Backcountry Greenwich vs. Midcountry Greenwich, CT 2000 – Sept. 2017

Backcountry Greenwich gets a lot of attention in town for its 4 acre zoning and some very high sales prices, but there is another area in town that is similar, has more sales and for the moment a higher average price and that is the 2-acre zone. The RA-2 zone runs along the south side of the Merritt Parkway about halfway down to the Post Road. It also includes three small areas; a section just west of the Merritt Parkway on the NY border, the area around Field Point Circle and an area on Mead Point. These last two areas account for some major high-end sales, but in any given year only contribute a handful of sales. So for most purposes the 2-acre zone is a stand-in for upper mid-country.

In the RA-2 zone the floor area ratio is 9% versus 6.25% for the for 4-acre zone. This means that the above ground portion of the house is limited to 9% of two acres or 7,841 s.f.   The FAR does not count the size of the basement, so developers these days include a fully finished basement often with 10-foot ceilings. The size of the resulting structures is usually in the 8,500 s.f. to over 10,000 s.f. Given that only 16 out of 437 houses that have sold this year are larger than 10,000 s.f. the bottomline is that most people can get a house as big as they want in the 2-acre zone.

Greenwich Zoning Map

With one notable exception the average sales price in backcountry and mid-country have fought each other for pre-eminence from 2000 to the present. Some years mid-country had a higher average price other times it was backcountry. The one exception is the period from 2006 to 2010 when the average sales price in backcountry exceeded mid-country’s average sales price by as much as $1.78 million in 2009.

The 2017 average priced house in the RA-2 zone is $3,158,622 this is down from  $3,347,559. The least expensive house in RA-2 zone sold so far this year sold for $935,000 for a house on a non-conforming 3-acre lot, while the highest sale was for $13,065,000 for a house on an 8.1 acre lot on Meadowcroft Lane. We are seeing an uptick in demand for the 2-acre zone as some people who pre-recession might have bought in the 4-acre zone north of the Merritt Parkway now want to live closer to town on somewhat smaller lots and the 2-acre zone meets their needs.

Greenwich Mid-Country Sales, Average and Median

Post-recession the number of sales in the RA-2 / Mid-country area averaged 89 sales each year with a total sale volume averaging $320,000,000. The average sale price in the RA-2 zone in 2017 has been $3,158,622. This is down slightly from 2016 where the average sales price was 3,347,559.

The average price for a single family home in the RA-2 zone in 2015 was even higher at $3,921,555, but this apparent drop in the value of house in the RA-2 zone is more attributable to the change in the mix of what is selling rather than a drop in all house values. From year to year each individual price range may be up or down resulting in change in both the average and the median price.

In addition, the very highest price range, the over $10 million market, has a disproportionate influence on the average. For example, the highest sale in 2015 was for $26,000,000, while in 2017 our highest sale so far in the RA-2 zone has been for “only” $13,065,000 or just half of the highest sale in 2015. From 2000 to October 2017 our highest sale, with one exception was the Helmsley place which sold for $39,500,000.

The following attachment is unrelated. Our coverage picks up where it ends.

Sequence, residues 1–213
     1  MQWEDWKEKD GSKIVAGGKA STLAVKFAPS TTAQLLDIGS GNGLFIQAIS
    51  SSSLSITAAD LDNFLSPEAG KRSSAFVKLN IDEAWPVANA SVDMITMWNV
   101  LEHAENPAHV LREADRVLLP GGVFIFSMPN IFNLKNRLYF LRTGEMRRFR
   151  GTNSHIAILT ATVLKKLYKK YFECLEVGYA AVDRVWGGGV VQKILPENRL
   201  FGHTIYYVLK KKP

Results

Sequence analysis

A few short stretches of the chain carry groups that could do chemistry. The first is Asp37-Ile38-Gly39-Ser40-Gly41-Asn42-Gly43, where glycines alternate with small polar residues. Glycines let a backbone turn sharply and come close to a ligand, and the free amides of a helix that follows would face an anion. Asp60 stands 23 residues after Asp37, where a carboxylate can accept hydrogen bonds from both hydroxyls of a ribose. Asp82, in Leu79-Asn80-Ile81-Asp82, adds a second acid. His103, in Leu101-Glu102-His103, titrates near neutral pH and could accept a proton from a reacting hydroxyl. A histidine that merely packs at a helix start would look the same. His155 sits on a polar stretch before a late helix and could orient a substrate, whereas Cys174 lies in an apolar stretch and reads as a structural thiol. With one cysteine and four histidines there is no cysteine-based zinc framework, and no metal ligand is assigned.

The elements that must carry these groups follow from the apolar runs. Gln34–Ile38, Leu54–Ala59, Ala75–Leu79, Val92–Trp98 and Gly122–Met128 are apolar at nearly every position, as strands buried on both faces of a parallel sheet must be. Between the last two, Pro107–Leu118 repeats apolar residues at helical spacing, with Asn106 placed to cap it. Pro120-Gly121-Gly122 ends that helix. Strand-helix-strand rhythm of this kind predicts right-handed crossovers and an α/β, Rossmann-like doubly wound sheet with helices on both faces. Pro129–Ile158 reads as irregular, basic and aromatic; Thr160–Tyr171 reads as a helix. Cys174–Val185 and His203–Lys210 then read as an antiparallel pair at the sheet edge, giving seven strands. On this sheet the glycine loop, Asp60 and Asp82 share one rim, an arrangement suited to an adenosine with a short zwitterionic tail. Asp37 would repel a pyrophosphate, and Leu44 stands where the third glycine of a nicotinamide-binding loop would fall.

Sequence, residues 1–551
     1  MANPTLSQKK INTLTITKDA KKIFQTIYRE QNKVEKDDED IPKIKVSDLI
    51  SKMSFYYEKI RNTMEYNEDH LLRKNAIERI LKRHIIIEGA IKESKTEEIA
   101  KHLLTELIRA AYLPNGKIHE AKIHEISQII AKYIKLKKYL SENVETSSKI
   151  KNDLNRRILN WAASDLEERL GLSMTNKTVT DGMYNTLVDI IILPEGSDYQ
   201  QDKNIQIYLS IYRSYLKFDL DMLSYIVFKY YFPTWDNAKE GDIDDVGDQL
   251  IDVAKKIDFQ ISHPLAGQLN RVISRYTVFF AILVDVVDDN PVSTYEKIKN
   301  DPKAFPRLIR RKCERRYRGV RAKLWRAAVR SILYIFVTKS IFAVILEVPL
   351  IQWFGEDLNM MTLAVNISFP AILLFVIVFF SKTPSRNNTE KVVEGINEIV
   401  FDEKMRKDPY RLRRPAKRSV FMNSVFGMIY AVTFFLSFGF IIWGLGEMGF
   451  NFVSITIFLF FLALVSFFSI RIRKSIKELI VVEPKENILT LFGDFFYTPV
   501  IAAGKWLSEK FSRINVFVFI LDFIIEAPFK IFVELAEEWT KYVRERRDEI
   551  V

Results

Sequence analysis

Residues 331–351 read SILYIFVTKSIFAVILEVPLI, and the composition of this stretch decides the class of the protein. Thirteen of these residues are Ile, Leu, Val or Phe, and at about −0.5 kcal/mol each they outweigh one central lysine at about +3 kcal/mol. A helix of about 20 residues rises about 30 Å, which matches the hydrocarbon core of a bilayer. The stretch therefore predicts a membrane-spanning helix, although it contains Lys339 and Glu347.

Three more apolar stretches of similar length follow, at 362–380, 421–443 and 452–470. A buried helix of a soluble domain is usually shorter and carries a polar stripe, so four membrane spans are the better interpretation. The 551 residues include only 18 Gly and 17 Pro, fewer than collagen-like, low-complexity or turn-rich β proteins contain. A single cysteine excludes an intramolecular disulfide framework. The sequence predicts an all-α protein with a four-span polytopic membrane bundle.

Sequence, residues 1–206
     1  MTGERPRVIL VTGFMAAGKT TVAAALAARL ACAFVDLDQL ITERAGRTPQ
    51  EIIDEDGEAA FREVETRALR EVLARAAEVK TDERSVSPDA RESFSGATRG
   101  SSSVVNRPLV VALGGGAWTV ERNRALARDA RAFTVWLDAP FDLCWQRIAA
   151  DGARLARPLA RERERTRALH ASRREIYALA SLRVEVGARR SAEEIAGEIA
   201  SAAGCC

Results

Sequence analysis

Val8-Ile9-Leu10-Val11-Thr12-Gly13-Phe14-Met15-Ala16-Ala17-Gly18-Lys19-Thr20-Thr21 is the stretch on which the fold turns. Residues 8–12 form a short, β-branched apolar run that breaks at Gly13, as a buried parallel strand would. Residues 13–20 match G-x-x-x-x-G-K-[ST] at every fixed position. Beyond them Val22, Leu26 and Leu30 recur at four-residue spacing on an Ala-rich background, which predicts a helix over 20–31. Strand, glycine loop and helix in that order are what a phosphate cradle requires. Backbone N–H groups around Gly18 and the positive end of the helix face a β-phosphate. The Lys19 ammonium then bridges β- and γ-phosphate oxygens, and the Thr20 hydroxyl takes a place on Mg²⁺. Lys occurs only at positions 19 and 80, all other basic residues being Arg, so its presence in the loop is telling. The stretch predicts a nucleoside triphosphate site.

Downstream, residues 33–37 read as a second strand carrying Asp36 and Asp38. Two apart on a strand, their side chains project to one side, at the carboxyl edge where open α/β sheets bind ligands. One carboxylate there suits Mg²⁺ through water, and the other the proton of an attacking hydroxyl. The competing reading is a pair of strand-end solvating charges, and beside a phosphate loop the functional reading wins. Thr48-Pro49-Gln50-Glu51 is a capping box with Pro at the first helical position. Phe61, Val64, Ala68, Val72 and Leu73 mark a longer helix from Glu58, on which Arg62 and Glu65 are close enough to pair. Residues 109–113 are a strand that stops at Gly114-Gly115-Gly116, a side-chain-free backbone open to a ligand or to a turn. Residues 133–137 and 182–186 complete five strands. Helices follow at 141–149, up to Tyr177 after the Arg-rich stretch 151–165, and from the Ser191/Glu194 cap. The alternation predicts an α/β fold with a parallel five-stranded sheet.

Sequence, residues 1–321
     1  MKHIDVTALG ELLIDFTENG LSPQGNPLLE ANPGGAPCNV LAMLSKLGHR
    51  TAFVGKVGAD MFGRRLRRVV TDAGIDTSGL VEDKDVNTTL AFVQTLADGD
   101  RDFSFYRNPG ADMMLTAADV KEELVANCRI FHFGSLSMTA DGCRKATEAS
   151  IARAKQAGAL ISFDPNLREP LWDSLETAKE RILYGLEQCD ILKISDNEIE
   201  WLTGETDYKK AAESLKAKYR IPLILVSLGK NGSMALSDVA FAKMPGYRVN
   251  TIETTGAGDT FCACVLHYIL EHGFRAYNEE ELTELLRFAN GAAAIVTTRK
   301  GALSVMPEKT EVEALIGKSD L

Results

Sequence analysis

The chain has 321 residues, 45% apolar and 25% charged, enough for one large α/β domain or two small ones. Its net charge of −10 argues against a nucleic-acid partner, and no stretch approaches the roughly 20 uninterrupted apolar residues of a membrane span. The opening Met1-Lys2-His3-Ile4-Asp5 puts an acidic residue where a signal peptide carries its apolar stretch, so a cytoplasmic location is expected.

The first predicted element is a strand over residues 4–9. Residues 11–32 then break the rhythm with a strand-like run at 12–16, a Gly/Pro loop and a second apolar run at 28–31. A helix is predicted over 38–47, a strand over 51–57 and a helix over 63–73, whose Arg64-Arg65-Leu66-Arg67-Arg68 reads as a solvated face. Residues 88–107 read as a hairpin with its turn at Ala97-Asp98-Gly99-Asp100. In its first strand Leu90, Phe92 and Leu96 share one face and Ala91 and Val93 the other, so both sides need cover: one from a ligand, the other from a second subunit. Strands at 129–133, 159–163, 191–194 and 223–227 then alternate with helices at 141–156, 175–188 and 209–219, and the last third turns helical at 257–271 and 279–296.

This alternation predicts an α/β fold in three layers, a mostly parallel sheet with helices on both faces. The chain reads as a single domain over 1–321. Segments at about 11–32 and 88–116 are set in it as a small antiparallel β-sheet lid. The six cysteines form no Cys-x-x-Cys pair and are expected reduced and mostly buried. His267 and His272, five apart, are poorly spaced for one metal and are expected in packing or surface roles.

These very large sales can significantly distort averages from year to year. The one exceptional sale that show this is the sale of Copper Beach Farm, a 50 acre estate on Long Island Sound that sold for $120,000,000 or more $80 million more than any other residential property in Greenwich. That property has been excluded from this analysis as including it would have single-handily raised the average sale price of all RA-2 sales for 2013 by $1.3 million.

Another factor that plays into a market analysis for the subject properties is that these properties are new construction and there is greater demand for new construction and much less inventory.

 

From 2000 to 2007 we averaged 10 new houses a year in the RA-2 zone sold on the Greenwich MLS. From 2011 to 2017 we have averaged only 3 new houses a year in the RA-2 zone. Now this only counts the house that were publicly listed, so called “spec” houses. In fact. in 2013 not a single new house was built for speculative sale in all of the RA-2 zone. At the same time there were dozens of custom houses built for individual owners.

The problem was not a lack of demand for new spec homes. New houses in the RA-2 zone sold for an average of $90/s.f. more than previously occupied houses in that zone so people were willing to pay a premium for new homes. The problem has been financing. Getting financing for owner-occupied housing has not been a problem, but it has been for speculative houses.

Overall demand in the RA-2 zone has been good all the way up to $6.5 million. Generally, we see months of supply rising from the lowest to the highest priced home going from 3 – 5 months of supply under $1 million to several years of supply over $10 million. (see Appendix XII.B. below.)

 

RA- 2 zone

(As of 9/2/17)

Inventory Contracts Last Mo. Solds Tot. Solds+ Contracts  YTD Solds  YTD+ Contracts Mos Supply Mos w/ Contracts
< $600K 0 0 0 0 1 1 0.0 0.0
$600-$800K 0 0 0 0 0 0
$800K-$1M 0 0 0 0 1 1 0.0 0.0
$1-$1.5M 9 1 0 1 9 10 8.0 8.6
$1.5-$2M 18 0 1 1 11 11 13.1 15.5
$2-$3M 34 1 0 1 16 17 17.0 19.0
$3-$4M 28 1 0 1 11 12 20.4 22.2
$4-$5M 10 0 0 0 5 5 16.0 19.0
$5-6.5M 20 1 1 2 8 9 20.0 21.1
$6.5-$10M 21 2 1 3 2 4 84.0 49.9
> $10M 14 0 0 0 1 1 112.0 133.0
TOTAL 154 6 3 9 65 71 19.0 20.6

 

In the RA-2 zone we see a similar pattern with one anomaly. Sales from $4 – 6.5 million in the RA-2 zone are doing particularly well in the 2-acre zone and as they have in the rest of the town. The steady rise in the stock market over the last 12 months, regularly setting new record highs, has encouraged buyers with substantial portfolios to buy this year. Sales have climbed through the year in the high-end price ranges as the year goes on.